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The slope of the rake is measured by the number of horizontal units it takes for one vertical unit measured in the direction of the slope, or by the equivalent percentage. A rake of one horizontal unit to one vertical unit (1 in 1), would give an angle of 45° from the horizontal. Rakes of 1 in 18 (5.56%) to 1 in 48 (2.08%) were more common. Modern stages are constructed with no slope, and the majority of existing raked stages have been renovated into unraked arrangements.
Converting the rake ratio to an angle requires the application of some basic trigonometry. The angle in degrees = arcTan (opposite/adjacent), where opposite = the rise, normally 1 and adjacent = the distance this rise occurs over. Example: for a rake of 1:18; arcTan(1/18) = 3.18°
Theatres constructed after the beginning of the 20th century feature a raked audience section. This change back to the method of construction seen in Greek and Roman theaters, (flat stage and terraced audience) was effected due the difficulty encountered when one tries to walk across a sloped surface, which had resulted in unnatural movement patterns to avoid the appearance of limping caused by the non-level surface.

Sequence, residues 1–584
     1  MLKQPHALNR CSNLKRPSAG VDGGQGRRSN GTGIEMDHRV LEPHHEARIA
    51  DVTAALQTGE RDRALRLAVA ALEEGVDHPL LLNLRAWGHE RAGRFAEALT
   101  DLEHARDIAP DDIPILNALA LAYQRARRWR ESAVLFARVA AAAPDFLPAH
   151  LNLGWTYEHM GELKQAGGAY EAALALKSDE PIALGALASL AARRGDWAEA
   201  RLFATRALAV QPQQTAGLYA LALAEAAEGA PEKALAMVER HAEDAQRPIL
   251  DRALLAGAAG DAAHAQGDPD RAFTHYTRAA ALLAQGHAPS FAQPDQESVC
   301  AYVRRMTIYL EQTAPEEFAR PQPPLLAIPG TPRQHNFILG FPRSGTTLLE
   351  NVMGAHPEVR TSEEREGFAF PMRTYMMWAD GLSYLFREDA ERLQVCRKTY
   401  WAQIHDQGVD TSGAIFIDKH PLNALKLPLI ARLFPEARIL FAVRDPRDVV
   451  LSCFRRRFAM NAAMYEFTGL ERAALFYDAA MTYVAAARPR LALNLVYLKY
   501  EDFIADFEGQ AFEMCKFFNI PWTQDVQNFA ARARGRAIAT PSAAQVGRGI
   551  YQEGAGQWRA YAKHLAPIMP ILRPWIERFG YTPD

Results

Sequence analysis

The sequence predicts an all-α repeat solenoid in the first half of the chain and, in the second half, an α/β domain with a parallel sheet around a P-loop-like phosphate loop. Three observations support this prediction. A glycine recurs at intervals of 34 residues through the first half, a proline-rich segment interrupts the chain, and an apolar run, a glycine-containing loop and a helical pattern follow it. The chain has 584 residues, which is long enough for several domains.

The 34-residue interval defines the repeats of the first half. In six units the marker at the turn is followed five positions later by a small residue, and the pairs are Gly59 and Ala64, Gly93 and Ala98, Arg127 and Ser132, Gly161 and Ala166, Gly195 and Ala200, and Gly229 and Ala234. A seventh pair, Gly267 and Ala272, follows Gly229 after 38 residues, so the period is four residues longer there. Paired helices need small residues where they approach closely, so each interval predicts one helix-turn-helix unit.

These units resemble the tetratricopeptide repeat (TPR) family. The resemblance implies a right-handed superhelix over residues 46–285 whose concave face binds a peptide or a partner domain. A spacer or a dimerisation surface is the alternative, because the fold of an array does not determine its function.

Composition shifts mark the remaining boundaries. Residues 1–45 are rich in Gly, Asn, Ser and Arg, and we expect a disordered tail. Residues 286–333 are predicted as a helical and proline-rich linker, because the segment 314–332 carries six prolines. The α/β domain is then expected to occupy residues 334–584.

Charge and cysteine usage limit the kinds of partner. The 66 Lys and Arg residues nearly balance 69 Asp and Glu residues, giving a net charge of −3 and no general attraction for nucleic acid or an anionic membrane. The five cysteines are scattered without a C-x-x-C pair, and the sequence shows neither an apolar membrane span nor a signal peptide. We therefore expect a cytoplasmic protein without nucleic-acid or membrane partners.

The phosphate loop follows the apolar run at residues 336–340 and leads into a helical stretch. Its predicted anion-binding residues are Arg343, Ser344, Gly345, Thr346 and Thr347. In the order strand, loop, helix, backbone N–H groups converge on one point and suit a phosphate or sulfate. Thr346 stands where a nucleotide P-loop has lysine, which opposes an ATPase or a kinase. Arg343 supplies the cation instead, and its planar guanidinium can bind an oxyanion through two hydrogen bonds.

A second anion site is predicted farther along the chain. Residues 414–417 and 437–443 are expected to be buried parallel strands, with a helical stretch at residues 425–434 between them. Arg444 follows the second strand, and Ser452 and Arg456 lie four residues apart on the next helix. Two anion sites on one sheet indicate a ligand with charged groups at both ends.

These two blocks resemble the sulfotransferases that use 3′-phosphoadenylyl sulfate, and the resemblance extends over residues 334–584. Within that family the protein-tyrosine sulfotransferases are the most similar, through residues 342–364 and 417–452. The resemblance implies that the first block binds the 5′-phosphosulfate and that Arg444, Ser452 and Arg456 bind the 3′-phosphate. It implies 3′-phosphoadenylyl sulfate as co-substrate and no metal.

Raked stages can still be seen in many opera productions, where a temporary raked acting surface is built over a theatre's permanent flat stage. Creating a raked stage can also assist set designs requiring forced perspective.
On a raked stage an actor who is farther from the audience is higher than an actor who is closer to the audience. This led to the theatre positions "upstage" and "downstage," meaning, respectively, farther from or closer to the audience.
The practice of "upstaging" other actors comes from the practice of moving to a more elevated position on the rake, causing the upstaged actor (who stays more downstage) to turn his back to the audience to address the cast member. The term "upstaging" also has since taken on the figurative meaning of an actor unscrupulously drawing the audience's attention away from another actor.